The inspection specified in Boeing Alert Service Bulletin 747 53A2501 is an internal medium frequency eddy current (MFEC) inspection, which is able to detect a crack size smaller than that detectable by the external low frequency eddy current (LFEC) inspection required by the SSID program. Both inspection techniques are used to detect cracks on the outer surface of the lower skin panel at the lower row of fasteners of the lap splice. However, the LFEC inspection looks through the upper skin panel; the MFEC technique uses a probe that is in direct contact with the lower skin panel on the inner surface. Therefore, a 3,000flightcycle repetitive interval using an LFEC method does not provide the same level of certainty as a 3,000flightcycle repetitive inspection using the MFEC method.
We have not changed the final rule in this regard. Request To Change Costs of Compliance
ATA, on behalf of NWA, also requests that we change the costs of compliance. NWA states that it has determined that approximately 120 work hours would be required to accomplish the nondestructive test procedures specified in Boeing Alert Service Bulletin 74753A2501. The NPRM gives a cost estimate of 68 hours to do this task. NWA states that it is worth noting that if the inspection has to be performed independent of other major fuselage internal inspections, then over 1,000 additional hours of access and restoration labor will be required. NWA states that this scenario is likely if the initial inspection is required independent of the SSID or fuselage fatigue inspection programs. The 1,000flightcycle initial inspection threshold could prompt such a scenario.
We disagree with the request to change the costs of compliance. The 68 workhour estimate represents the time necessary to perform only the action actually required by the AD. The action in the NPRM reflects only the direct costs of the specific required action (inspection) based on the best available data from the manufacturer. The cost analysis in AD rulemaking actions typically does not include incidental costs such as the time required to gain access and close up, time necessary for planning, or time necessary for other administrative tasks. Those incidental costs, which may vary significantly among operators, are almost impossible to calculate. We have not changed the final rule in this regard.
Request To Revise Compliance Time
ATA also recommends that we align the compliance period for the nondestructive test procedures specified in Boeing Alert Service Bulletin 74753A2501, with scheduled maintenance intervals in order to avoid the orderofmagnitude increase in the effect of the proposed actions if they must be accomplished on an unscheduled basis.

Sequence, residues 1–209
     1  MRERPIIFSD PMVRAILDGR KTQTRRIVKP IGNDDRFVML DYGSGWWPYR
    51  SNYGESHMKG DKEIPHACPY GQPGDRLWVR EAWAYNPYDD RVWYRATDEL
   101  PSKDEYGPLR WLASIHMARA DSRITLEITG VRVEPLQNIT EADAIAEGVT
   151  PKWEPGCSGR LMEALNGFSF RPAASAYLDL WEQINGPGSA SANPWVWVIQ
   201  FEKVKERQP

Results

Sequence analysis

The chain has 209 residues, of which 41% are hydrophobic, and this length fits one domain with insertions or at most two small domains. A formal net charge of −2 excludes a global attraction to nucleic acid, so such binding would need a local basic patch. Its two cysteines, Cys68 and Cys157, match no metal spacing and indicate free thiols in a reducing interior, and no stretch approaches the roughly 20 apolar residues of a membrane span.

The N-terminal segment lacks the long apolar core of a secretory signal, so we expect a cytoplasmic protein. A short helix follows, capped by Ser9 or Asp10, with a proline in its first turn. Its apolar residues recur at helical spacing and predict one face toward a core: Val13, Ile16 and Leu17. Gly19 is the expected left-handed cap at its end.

We disagree with the request to revise the compliance time. We acknowledge that for certain airplanes the inspections may have to be performed independent of the SSID or fuselage fatigue inspection programs. In developing an appropriate compliance time for this action, including the 1,000flightcycle initial inspection threshold, we considered the urgency associated with the subject unsafe condition, the manufacturer's recommendations, and the practical aspect of accomplishing the required inspections within a period of time that corresponds to the normal scheduled maintenance for most affected operators. We have not changed the final rule in this regard. However, according to the provisions of paragraph (j) of the final rule, we may approve requests to adjust the compliance time if the request includes data that prove that the new compliance time would provide an acceptable level of safety.
We have carefully reviewed the available data, including the comments received, and determined that air safety and the public interest require adopting the AD as proposed.
Costs of Compliance
There are about 1,081 airplanes of the affected design in the
worldwide fleet. The following table provides the estimated costs for U.S. operators to comply with this AD.
Estimated Costs Number of U.S. Action Work hours Average labor Cost per registered Fleet cost rate per hour airplane airplanes Inspection for Model 747SP 48 $80 $3,840, per 10 $38,400, per series airplanes. inspection inspection cycle. cycle. Inspection for all other 68 80 $5,440, per 196 $1,066,240, per Model 747 series airplanes. inspection inspection cycle. cycle. Authority For this Rulemaking
Title 49 of the United States Code specifies the FAA's authority to issue rules on aviation safety. Subtitle I, Section 106, describes the authority of the FAA Administrator. Subtitle VII, Aviation Programs, describes in more detail the scope of the Agency's authority.